COLUMBUS (WCMH) — An Air Quality Alert has been issued for Central Ohio by the Mid-Ohio Regional Planning Commission for Saturday and Sunday.
According to MORPC, the Air Quality Alert has been issued for Delaware, Fairfield, Franklin, Knox, Madison, and Licking counties are likely to experience ground-level ozone pollution levels that are Unhealthy for Sensitive Groups on the national Air Quality Index (AQI) scale. Saturday’s AQI is forecasted to be 101.
Warmer temperatures and sunny skies will enhance ozone formation, and calm to light southwesterly winds will inhibit dispersion and transport regional pollutants into the area. Furthermore, pollutant carryover from previous days will be high. These conditions will lead to Unhealthy for Sensitive Groups AQI levels.
MORPC advises active children, the elderly, and people with asthma and COPD are more likely to suffer an increase in the number and severity of symptoms during an Air Quality Alert. To decrease the potential for health issues, sensitive groups of people are urged to limit prolonged outdoor activity or plan outdoor activities for the morning. Those who are experiencing breathing difficulties should consult with their doctor.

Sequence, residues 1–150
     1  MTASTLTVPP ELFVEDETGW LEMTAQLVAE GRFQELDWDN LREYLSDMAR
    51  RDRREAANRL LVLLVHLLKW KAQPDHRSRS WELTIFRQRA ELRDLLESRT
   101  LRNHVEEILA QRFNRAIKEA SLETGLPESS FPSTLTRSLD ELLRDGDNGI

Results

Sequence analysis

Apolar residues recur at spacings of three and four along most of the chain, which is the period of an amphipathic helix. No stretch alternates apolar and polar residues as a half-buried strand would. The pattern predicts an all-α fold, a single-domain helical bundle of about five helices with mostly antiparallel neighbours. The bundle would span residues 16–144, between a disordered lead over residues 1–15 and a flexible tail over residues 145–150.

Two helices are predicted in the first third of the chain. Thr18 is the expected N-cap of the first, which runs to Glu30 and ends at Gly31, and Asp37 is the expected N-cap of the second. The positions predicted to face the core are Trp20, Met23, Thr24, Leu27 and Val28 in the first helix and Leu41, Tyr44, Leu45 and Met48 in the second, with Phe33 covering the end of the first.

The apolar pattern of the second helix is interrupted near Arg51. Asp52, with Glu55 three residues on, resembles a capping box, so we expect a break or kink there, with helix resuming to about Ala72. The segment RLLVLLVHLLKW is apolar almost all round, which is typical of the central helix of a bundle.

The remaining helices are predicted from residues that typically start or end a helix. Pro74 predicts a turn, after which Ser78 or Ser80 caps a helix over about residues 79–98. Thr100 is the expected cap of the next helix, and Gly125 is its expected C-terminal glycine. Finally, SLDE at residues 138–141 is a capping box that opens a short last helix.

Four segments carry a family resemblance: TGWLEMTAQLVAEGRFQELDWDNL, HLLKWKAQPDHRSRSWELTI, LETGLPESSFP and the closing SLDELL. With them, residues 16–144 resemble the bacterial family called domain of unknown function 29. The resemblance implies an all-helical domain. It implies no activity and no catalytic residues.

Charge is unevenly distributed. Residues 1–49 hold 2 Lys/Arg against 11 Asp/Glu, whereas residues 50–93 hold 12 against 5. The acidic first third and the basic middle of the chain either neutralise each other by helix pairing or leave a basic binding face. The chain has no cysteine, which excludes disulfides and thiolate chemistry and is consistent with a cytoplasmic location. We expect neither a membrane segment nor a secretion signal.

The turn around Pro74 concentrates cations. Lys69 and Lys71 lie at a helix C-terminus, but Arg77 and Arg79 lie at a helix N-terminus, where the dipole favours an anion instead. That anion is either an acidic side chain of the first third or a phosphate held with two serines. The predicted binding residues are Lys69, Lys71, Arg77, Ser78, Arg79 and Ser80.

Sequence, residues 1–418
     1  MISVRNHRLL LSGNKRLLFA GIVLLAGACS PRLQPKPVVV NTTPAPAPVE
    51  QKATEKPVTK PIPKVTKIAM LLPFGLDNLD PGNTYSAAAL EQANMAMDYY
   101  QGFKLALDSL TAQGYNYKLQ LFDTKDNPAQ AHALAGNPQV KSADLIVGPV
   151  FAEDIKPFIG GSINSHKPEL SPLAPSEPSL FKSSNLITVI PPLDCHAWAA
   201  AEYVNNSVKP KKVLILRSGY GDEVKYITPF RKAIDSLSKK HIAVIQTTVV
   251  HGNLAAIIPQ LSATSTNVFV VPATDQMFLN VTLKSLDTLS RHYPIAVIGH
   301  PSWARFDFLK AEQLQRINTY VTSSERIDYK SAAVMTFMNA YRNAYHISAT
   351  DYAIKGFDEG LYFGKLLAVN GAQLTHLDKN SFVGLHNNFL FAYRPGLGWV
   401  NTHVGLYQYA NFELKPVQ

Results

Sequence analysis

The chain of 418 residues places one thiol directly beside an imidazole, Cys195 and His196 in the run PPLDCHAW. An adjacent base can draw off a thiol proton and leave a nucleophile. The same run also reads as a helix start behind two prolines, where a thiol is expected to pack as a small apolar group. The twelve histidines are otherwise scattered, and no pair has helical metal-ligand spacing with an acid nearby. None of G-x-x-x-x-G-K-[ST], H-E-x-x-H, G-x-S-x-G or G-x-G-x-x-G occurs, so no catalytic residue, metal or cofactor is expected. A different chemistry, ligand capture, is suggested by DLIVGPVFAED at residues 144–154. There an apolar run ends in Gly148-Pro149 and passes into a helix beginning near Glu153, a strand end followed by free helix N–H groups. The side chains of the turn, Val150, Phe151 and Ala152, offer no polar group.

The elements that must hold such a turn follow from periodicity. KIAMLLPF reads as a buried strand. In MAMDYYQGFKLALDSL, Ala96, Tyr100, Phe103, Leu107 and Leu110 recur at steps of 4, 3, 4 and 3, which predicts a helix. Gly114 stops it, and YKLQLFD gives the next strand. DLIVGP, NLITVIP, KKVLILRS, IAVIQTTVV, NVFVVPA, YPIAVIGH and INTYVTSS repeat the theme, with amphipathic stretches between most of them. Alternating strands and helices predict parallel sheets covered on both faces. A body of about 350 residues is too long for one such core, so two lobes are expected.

On Air Quality Alert days, MORPC recommends taking actions to improve air quality:
Travel by carpooling, combining trips, riding the bus, bicycling, or walking to nearby outdoor activities and destinations. Join the Commuter Challenge in June to commute, log and win. Participants who log sustainable commutes will have the chance to win daily and grand prize drawings. Register today at MakeYourMilesMatter.com.
- Turn off your engine instead of idling your vehicle to cut down on vehicle emissions.
- Avoid refueling your vehicle, or wait until dusk to refuel your vehicle. Filling up your tank when the daytime heat has diminished helps to reduce harmful ground-level ozone pollution.
- Avoid topping off your tank at the gas station. Spilled gasoline pollutes the air when it evaporates.
- Avoid mowing your lawn on an Air Quality Alert day. Longer grass in your yard is good for the air, as well as the lawn.
Visit http://airquality.morpc.org for more information about MORPC’s Air Quality Program.